During finals week – what turned out to be the last night we shared in the dorm – the guys on Michael’s floor got very drunk and decided they’d had enough. At 2 AM, what sounded like a large group of them started pounding on our door. Like I said, the room was narrow – not much wider than the bed. To lie in the bed was to be about a foot away from the door. They pounded and said, “Open the fucking door, you goddamn faggots. Tonight, you die. We’re going to beat the living shit out of you.”
We’d been sound asleep. We were curled around each other, our hearts pounding. It occurred to me that we were on the fourth floor and there were no fire escapes. The only way in or out of the room was through the door that was literally rattling against its hinges.
The dorm had been built in the 1960s and it looked and felt like a bunker. The door – and this is a very important detail, for I might not be here typing this if it weren’t the case – was solid wood. I don’t know how many guys were on the other side of it, but they were only getting angrier that they couldn’t gain access. “Soon-to-be-dead faggots, open this fucking door now,” they yelled. They kicked at the door, pounded it with their fists, ran at it and threw their bodies against it.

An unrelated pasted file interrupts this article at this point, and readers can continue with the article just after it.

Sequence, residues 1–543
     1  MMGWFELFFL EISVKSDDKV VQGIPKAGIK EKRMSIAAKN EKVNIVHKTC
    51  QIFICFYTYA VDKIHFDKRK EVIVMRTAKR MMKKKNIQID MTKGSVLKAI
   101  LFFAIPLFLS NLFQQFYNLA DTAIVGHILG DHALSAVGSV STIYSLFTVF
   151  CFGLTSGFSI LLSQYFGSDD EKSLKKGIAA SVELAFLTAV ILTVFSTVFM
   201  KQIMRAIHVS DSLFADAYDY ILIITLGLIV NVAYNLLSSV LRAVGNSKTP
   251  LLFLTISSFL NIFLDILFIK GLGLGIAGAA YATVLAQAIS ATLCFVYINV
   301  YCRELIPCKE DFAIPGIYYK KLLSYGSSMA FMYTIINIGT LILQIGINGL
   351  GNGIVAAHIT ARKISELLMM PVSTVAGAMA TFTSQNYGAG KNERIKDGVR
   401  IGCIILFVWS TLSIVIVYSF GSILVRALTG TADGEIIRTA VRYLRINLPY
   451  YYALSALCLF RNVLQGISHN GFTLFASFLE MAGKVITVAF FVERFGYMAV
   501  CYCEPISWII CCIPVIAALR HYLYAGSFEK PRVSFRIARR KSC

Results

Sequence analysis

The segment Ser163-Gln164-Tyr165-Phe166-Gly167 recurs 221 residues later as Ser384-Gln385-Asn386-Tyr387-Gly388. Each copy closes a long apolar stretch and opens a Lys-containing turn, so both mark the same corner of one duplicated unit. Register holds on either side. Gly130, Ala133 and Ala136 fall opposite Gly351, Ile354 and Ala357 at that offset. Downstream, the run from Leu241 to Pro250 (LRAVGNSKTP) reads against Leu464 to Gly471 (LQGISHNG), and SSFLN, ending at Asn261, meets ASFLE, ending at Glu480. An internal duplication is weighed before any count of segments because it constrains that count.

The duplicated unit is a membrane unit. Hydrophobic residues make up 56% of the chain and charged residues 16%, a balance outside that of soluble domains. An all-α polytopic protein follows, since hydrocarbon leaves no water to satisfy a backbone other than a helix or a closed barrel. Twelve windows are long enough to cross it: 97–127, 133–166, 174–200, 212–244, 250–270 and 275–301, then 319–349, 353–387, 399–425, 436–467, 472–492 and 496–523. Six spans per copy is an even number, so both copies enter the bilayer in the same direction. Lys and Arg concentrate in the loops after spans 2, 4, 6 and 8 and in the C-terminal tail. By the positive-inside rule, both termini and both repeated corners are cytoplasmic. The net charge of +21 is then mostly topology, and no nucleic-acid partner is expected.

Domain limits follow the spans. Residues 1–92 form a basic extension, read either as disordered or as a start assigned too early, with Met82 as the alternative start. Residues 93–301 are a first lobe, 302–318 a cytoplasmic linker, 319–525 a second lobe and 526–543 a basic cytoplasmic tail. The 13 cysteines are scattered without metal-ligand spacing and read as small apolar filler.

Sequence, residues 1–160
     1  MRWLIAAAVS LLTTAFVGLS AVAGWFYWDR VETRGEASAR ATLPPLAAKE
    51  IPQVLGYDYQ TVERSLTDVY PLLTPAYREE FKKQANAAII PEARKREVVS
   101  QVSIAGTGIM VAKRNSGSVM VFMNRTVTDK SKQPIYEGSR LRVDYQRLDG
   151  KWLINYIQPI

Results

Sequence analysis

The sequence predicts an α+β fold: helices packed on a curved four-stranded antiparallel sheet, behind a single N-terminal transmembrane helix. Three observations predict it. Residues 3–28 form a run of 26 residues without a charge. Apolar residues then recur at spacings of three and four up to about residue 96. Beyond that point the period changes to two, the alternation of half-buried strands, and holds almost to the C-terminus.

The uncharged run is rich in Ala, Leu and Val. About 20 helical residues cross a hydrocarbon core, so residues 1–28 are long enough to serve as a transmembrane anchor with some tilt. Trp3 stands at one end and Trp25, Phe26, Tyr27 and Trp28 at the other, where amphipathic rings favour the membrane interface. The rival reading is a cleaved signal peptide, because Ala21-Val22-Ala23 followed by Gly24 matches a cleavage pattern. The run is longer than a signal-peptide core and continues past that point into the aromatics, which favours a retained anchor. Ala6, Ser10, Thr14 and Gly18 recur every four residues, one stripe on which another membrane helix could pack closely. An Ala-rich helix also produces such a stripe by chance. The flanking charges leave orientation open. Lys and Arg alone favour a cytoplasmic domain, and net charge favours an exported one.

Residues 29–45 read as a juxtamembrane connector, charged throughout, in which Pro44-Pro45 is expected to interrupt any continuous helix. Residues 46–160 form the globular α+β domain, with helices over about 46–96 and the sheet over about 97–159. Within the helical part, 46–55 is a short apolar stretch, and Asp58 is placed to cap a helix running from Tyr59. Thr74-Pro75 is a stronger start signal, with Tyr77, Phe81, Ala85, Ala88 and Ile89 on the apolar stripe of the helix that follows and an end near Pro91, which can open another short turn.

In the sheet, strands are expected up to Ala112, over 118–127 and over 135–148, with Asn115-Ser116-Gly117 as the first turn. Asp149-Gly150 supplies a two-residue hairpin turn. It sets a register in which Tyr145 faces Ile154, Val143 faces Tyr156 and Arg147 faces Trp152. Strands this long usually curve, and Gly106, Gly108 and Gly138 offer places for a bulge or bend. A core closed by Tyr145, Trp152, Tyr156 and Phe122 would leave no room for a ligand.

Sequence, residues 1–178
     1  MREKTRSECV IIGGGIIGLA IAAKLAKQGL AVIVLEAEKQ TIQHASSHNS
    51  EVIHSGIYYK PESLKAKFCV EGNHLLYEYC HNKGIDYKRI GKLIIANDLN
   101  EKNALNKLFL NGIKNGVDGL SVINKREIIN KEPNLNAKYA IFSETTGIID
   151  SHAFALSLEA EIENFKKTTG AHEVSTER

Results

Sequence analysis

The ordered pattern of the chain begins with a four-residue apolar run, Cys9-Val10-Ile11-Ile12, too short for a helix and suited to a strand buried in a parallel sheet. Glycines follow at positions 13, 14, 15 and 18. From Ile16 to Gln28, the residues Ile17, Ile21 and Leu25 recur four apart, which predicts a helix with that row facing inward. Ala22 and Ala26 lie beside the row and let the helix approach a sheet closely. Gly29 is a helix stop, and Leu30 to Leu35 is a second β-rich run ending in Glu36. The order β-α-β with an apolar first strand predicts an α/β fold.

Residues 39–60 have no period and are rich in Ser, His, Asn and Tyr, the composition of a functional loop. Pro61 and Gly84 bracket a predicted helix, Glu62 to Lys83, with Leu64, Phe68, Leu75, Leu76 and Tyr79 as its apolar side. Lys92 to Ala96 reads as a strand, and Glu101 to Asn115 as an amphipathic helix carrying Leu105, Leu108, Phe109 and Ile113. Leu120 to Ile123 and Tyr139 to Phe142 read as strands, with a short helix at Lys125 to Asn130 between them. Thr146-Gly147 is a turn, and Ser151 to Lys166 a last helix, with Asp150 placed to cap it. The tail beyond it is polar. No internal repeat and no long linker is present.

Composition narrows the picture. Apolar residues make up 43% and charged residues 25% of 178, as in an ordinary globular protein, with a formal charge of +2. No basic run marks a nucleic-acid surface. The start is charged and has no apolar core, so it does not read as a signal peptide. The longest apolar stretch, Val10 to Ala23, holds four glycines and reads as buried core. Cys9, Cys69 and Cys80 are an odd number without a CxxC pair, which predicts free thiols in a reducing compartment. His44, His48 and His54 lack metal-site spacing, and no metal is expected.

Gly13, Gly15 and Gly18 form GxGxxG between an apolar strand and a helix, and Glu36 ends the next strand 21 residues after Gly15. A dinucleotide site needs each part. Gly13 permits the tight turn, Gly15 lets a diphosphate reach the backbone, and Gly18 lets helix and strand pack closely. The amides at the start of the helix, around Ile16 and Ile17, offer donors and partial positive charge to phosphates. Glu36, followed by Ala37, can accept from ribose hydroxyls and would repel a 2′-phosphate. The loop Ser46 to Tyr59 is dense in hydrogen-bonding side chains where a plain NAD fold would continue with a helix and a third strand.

We did the only thing we could: we called campus security. “A bunch of guys are trying to break into our room and beat us up,” Michael said.
“Why?” the operator asked.
Did that really matter at the moment? Did that box on the form really need filled in before help could be dispatched? “Because we’re gay,” Michael said.
The operator’s breath stormed into the receiver for a moment. She said, “Someone will be there,” and hung up.
Our drunken neighbors gave it their best effort. They hit the door so hard that the coffee cup filled with pens on Michael’s small desk rattled. For over an hour, they shouted threats and kicked and pounded and body-slammed the door. Eventually, they got tired or passed out or both. The hall went silent.
No one from campus security ever came.
A well-made door: that was all that stood between us and broken bones, knocked-out teeth, cracked skulls, possibly death. And where did all that hatred and anger come from? There are lots of answers to that question, but I want to focus, today, on something different. I want to focus on the fact that the hatred and anger are still out there. We wouldn’t need a day of silence if they weren’t. The hatred and the anger are still out there, gay and lesbian and trans-gendered youth are still being harassed, and while we work toward acceptance and equality, we need to keep our guards up. We need to continue watching our backs. Yes, it gets better. But don’t assume the assholes have all gone away or been reformed. The headlines tell us they’re still thriving.
But to come back to my ending: Michael, who wasn’t killed that night, is a significant part of my life. I, who wasn’t killed that night, am a significant part of his. They say what doesn’t kill us makes us stronger. Sometimes, I feel that. But sometimes I feel that a dose of good old-fashioned cynicism – mixed with a healthy amount of caution – is the way to go.
It gets better. Ish.